Department of Labor 'looking into' EIT layoffs

By Matt Porter

April 25, 2013 Updated Apr 25, 2013 at 6:28 PM EDT

Endicott, NY (WBNG Binghamton) The New York State Department of Labor says it's looking into recent layoffs by Endicott Interconnect Technologies to see if it violated disclosure law.

The Worker Adjustment and Retraining Notification (WARN) Act requires companies to disclose major layoffs early to employees and the public.

The law stipulates companies must provide 90 days notice to employees in the event of a plant closure or mass layoffs.

A "mass layoff" is defined as a reduction of 33 percent of a company's workforce. The number must be at least 25 people.

If a company lays off 250 or more workers, it must also provide 90 days notice according to the WARN Act.

However, the Department of Labor said the rules are not completely defined and inspectors look at each company on a case by case basis.

Republican State Senator Tom Libous heralded the deal establishing Endicott Interconnect in 2002 and said he was disappointed in EIT's lack of growth.

"It's sad, certainly the hope was that the company would prosper," Libous said, "I don't like to see anybody lose a job. I don't want to see anyone unemployed, that's why we worked so hard to try and create jobs."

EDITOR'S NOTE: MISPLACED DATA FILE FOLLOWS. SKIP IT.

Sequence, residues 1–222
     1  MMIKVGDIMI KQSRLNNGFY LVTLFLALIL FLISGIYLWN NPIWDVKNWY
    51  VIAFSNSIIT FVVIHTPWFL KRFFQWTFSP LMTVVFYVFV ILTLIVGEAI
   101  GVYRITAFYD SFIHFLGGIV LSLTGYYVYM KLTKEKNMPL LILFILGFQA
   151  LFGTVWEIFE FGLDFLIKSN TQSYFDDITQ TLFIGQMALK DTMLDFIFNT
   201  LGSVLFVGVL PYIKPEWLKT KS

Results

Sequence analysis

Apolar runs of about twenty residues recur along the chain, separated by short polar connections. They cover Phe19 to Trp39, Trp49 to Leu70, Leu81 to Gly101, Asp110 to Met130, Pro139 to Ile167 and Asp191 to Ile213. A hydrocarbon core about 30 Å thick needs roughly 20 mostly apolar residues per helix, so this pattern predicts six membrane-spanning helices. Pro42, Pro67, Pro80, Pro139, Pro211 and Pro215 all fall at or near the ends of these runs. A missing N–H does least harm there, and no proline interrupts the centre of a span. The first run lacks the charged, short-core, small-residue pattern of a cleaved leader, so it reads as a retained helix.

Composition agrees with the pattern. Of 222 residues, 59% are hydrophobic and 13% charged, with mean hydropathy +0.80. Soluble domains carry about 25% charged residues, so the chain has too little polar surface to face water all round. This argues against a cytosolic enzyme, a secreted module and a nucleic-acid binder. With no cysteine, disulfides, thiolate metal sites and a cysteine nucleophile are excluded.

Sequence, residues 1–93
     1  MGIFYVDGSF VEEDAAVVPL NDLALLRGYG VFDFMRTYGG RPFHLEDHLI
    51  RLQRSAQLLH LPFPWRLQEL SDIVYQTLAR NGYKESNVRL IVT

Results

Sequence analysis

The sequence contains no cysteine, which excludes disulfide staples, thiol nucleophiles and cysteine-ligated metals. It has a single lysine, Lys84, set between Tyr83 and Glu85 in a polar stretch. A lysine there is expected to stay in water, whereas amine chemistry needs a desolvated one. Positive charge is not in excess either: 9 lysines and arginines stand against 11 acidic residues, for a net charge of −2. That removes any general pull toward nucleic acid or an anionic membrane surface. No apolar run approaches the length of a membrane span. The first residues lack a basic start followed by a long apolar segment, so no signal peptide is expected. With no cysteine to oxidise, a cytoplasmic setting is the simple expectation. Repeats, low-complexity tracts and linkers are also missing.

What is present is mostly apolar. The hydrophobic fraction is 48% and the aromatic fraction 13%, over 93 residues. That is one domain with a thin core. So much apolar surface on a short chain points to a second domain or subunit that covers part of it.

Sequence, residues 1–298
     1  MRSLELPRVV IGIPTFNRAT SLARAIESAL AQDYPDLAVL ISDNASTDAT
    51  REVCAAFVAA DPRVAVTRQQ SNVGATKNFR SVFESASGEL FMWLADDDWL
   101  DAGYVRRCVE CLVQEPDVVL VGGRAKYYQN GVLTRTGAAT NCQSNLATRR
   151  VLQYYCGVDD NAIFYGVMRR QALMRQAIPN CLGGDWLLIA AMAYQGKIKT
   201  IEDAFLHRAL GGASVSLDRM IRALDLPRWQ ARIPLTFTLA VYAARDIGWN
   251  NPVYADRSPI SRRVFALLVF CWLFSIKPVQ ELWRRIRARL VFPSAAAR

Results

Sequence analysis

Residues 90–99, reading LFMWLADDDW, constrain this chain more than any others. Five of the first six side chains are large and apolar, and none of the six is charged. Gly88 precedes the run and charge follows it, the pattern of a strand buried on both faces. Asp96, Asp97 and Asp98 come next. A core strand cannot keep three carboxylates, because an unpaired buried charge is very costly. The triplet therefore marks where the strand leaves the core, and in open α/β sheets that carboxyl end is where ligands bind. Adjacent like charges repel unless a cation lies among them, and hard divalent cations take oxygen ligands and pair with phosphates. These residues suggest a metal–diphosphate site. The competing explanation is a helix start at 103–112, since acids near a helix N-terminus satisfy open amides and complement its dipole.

EIT's former CEO Jay McNamara reported the company was down to 605 jobs earlier this month in a statement to the US District Court.

A two-thirds reduction of the 2,000 workers it started with a decade ago.

The labor department can fine companies or restore back benefits to workers if there are violations.

Libous said he's confident in the department's ability to sort out the situation.

"If they're supposed to do something through the labor department," he said, "Believe me the labor department will go after them and find them."

The labor department said it is also focusing on helping laid off employees find new jobs.

All former EIT employees are encouraged to visit the New York "One-Stop" employment centers for job counseling. There are two "One-Stop" locations in the Southern Tier, one in Binghamton and another in Owego.

EIT is being sued for failing to make payments on a corporate jet.

McNamara said in the statement if the company loses and is forced to pay more than $11.5 million in restitution, the entire company could be at risk for bankruptcy.

County Executive Debbie Preston's office was asked for a comment on the lack of public communications involving layoffs from EIT.

The county executive's office had no comment.

EIT was unable to be reached for comment for this story.